1. The appeal is by the assessee. The assessee retired from I.T.C. Ltd. At the time of retirement he was entitled to receive a gratuity of Rs. 53,560. Rs. 30,000 were paid immediately after retirement and the balance was paid in two annual instalments of Rs. 11,780 each. The ITO held that the entire gratuity of Rs. 53,560 accrued to the assessee at the time of retirement and after allowing exemption of Rs. 30,000 added the balance in the income assessable for the assessment year 1980-81.
The AAC concurred with him. The assessee is in appeal.
2. The learned representative of the assessee submitted that according to the terms of the contract, the assessee was entitled to only a sum of Rs. 30,000 at the time of retirement. The balance was payable in two instalments payable annually. Since, according to the Gratuity Fund Rules of the company, only Rs. 30,000 accrued at the time of retirement, the balance was not assessable on retirement but would become taxable only on the dates on which it became actually payable.
He, accordingly, pleaded that the order of the AAC should be reversed.
The learned departmental representative argued that the entire gratuity in one lump sum became due to the assessee after retirement and the postponement of part of the gratuity to a later date or dates will not affect the accrual of income to the assessee.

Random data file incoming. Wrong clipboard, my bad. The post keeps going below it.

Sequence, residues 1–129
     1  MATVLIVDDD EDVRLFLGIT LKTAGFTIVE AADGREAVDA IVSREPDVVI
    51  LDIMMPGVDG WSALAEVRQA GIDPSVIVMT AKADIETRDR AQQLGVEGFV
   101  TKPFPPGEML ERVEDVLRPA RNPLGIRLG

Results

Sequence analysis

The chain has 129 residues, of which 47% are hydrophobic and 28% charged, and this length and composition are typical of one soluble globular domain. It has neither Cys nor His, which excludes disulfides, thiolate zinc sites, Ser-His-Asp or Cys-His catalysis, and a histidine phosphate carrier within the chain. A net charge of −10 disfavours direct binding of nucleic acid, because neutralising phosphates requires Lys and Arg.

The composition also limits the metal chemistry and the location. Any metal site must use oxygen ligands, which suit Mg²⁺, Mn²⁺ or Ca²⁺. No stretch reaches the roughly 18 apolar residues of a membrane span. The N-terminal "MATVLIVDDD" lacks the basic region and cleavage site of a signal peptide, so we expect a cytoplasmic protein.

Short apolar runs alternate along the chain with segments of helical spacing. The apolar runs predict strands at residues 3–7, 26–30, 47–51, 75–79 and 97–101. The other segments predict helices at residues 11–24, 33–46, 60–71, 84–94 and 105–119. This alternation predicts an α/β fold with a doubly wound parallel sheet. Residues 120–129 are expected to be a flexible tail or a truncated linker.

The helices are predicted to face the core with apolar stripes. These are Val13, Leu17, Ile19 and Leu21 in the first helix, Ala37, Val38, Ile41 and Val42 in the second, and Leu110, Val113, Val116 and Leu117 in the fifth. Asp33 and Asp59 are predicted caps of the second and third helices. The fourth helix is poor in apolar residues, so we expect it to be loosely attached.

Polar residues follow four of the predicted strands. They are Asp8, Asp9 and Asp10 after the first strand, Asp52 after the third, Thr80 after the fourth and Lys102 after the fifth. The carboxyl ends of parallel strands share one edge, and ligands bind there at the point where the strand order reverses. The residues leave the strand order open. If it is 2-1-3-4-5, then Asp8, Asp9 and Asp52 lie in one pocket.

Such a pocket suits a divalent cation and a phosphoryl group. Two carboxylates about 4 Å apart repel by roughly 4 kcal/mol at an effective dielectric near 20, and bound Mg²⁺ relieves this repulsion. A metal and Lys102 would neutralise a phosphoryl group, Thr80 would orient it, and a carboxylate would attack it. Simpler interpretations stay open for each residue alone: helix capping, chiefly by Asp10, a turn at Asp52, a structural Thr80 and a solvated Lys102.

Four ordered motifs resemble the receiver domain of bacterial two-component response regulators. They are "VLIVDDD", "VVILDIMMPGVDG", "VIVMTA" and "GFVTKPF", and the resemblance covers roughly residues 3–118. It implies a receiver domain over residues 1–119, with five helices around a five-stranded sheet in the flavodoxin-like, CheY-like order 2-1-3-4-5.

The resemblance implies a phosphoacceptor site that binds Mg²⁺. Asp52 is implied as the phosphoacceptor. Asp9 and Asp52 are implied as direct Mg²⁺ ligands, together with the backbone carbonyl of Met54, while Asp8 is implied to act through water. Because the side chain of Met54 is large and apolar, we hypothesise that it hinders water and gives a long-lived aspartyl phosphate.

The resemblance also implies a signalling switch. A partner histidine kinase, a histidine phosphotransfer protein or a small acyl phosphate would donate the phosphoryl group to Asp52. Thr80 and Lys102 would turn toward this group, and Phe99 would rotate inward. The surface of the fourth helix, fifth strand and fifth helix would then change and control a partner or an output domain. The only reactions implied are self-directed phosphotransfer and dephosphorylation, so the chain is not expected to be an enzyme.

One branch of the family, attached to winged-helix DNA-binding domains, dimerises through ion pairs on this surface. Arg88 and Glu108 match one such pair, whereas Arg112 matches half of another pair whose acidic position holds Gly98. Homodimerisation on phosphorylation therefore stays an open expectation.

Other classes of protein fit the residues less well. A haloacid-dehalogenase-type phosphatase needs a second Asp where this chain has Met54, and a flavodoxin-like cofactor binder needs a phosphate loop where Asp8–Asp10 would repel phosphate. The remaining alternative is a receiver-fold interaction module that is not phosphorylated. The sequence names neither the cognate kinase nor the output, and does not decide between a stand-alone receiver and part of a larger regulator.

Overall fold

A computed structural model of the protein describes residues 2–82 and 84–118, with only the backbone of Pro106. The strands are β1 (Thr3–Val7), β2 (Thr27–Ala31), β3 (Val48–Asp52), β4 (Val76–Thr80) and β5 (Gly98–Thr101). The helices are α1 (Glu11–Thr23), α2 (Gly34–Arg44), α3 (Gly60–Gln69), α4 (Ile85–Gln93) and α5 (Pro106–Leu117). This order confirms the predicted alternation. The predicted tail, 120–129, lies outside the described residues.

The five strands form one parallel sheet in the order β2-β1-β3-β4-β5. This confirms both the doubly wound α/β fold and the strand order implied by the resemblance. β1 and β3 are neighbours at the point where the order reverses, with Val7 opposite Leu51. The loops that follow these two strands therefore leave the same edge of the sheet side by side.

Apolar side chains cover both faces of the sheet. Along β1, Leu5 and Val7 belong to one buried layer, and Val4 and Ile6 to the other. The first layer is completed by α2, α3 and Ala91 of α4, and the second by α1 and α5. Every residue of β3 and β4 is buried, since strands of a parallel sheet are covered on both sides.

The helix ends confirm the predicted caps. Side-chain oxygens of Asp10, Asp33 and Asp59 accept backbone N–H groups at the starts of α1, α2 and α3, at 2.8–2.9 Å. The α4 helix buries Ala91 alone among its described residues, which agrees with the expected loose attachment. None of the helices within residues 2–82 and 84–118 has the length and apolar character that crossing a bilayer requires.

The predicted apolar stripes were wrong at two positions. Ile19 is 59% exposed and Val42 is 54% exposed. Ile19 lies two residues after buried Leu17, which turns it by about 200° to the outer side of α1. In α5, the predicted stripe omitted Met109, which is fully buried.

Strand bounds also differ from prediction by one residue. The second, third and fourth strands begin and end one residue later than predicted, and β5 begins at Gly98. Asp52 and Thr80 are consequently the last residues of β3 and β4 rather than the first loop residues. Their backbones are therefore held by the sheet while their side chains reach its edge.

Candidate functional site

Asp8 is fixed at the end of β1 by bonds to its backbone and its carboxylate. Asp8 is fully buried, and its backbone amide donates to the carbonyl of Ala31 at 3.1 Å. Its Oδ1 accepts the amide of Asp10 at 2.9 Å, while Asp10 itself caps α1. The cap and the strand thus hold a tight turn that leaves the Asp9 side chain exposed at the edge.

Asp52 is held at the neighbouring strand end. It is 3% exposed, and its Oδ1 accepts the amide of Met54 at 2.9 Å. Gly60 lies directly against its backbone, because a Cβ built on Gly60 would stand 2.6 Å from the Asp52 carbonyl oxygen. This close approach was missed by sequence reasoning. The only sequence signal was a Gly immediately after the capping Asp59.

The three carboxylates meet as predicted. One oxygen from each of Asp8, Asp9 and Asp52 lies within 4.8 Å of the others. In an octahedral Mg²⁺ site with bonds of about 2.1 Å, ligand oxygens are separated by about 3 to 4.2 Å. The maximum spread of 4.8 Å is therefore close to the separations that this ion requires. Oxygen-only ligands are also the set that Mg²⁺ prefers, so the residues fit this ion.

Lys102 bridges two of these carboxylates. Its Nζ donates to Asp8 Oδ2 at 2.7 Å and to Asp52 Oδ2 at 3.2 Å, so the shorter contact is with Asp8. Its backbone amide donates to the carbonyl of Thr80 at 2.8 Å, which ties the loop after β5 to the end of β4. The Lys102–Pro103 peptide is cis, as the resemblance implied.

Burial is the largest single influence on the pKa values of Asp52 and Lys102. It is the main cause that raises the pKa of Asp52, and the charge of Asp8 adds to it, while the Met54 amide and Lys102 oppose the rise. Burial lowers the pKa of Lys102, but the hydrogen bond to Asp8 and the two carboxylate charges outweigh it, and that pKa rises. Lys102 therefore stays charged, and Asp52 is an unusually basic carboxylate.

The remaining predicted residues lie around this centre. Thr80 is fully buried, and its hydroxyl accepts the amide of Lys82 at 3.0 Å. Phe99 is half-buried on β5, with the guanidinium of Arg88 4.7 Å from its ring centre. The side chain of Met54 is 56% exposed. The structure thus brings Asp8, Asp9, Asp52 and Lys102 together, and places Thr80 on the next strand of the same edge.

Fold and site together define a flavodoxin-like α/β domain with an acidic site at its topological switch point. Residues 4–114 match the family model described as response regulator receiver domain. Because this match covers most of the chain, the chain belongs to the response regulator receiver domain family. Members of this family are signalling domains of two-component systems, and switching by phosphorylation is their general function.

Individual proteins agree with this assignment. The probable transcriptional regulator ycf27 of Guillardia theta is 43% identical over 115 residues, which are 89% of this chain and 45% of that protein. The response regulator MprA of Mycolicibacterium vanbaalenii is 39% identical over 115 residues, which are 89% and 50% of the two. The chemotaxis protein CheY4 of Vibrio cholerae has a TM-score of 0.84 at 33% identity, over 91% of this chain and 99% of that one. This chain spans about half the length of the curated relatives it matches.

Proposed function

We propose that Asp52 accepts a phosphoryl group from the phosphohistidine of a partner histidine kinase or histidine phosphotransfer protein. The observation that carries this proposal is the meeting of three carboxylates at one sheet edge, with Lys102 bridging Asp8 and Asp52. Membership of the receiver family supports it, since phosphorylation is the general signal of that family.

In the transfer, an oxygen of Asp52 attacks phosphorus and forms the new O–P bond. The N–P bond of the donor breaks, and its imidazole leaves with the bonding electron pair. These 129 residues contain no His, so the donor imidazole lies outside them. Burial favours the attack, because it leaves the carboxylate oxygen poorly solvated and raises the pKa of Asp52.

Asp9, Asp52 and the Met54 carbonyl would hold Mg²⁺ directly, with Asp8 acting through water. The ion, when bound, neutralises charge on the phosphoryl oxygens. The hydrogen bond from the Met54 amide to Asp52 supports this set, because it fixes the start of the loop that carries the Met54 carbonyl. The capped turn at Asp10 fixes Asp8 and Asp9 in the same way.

3. We have gone through the Gratuity Fund Rules. It is seen that the gratuity has to be calculated at the rate of one-half of a month's average salary for each completed year of continuous service, subject to a maximum of twenty months' average salary. This amount is designated as the maximum survival gratuity (rule 7 of the Gratuity Fund Rules). According to Rule 8 of the Gratuity Fund Rules the maximum survival gratuity calculated in accordance with Rule 7(b) or Rs. 30,000, whichever is lower, would accrue and become payable to the member immediately on cessation of the employment with the company.
According to Rule 9 of the Gratuity Fund Rules, half of the balance of the maximum survival gratuity, if any, after payment of the amount due in accordance with Rule 8, will accrue and become due and will be payable by the trustees 13 months after the cessation of the employment of the member. The balance will likewise accrue and become due and payable 26 months after the cessation of the employment. Further, the right to receive the instalments mentioned in rules 9 and 10 of the Gratuity Fund Rules will accrue to the assessee only if the member is alive on that date and is not working in any other firm competing with the former employer. If he dies within the period the amount will become due to his wife, etc. It is thus clear from the above rules that the balance of the maximum survival gratuity in excess of Rs. 30,000 will not accrue or become due to the employee immediately on cessation of his employment with the company. We have, therefore, to hold that the authorities below were in error in including Rs. 23,560 in the income of the assessee. The addition is deleted. The order of the AAC is reversed.